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creeping buttercup

Spring Leaves

Sunday, 18th February 2001, West Yorkshire

THIS LUNCHTIME my choice of natural history specimens to sketch is limited to what I can find around a pub car park, on the high ground between Huddersfield and Mirfield.

Creeping Buttercup (title sketch, above) has spread over waste ground alongside the pub's children's play area. There are no flowers as yet, but it is easy to distinguish creeping buttercup from the leaves. The central division has a short stem, unlike the meadow buttercup leaf, which is typically shaped more like an outspread hand.

cow parsley The new leaves of Cow Parsley (left) sprouting nearby, resemble those of the kitchen herb, but it is more closely related to chervil. Although the fresh leaves are mildly aromatic and can be added to omelette it is probably wiser to avoid using this plant altogether, because of the danger of confusing it with its deadly poisonous relatives.

dock Dock (right) has a better reputation and has long been the traditional antidote to nettle stings. This leaf has pale orange spots outlined in dull purple. I'm pretty sure these are the marks caused by rust fungus.


sandstone A few fragments of rock lie at the edge of the tarmac. This local sandstone was laid down 300 million years ago, at a time when a range of mountains were being rapidly eroded to the north. Rivers deposited vast quantities of sand over what would one day be the West Riding of Yorkshire, giving it a proverbially gritty character from an early age. Like most sandstone, it consists mainly of tough glassy quartz crystals, but it also contains fleshy crystals of feldspar, which, in the rough and tumble of erosion, tend to break down fairly quickly to form clay. Deposition must have occurred fairly rapidly after erosion.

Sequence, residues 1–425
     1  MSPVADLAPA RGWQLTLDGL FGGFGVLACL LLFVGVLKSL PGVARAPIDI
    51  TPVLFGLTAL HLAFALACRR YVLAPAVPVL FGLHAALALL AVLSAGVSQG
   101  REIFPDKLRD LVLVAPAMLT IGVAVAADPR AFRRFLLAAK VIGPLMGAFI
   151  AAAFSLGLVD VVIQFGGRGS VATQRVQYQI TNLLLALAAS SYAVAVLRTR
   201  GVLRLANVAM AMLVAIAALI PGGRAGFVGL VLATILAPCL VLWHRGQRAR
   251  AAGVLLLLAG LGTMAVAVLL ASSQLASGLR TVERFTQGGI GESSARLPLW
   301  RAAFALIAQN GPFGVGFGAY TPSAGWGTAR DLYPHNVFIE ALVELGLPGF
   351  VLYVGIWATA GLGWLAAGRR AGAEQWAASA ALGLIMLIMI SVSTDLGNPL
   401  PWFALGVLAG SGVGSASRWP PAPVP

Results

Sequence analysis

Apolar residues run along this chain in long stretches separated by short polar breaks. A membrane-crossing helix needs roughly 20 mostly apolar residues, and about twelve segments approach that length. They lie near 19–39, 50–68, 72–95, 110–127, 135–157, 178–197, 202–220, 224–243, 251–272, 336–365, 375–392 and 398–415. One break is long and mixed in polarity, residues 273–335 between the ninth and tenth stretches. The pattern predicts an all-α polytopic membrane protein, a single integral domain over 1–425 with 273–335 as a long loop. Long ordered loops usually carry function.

An iron-rich natural cement, limonite, holds the rock together.

drystone wall Because it breaks up easily into fairly regular slabs, sandstone has been widely used in drystone walls, such as this one opposite the pub. You can see that even this small fragment has shows a flattish surface (the bedding plane) and that it tends to break at right angles to that surface. The bedding plane is parallel to the river bed in which it was deposited. The joints at right angles may be weaknesses caused by later earth movements or they may result from stresses that were set up in the rock at the time that it formed, stresses caused, for instance, by shrinkage. next page

Richard Bell
Richard Bell,
wildlife illustrator

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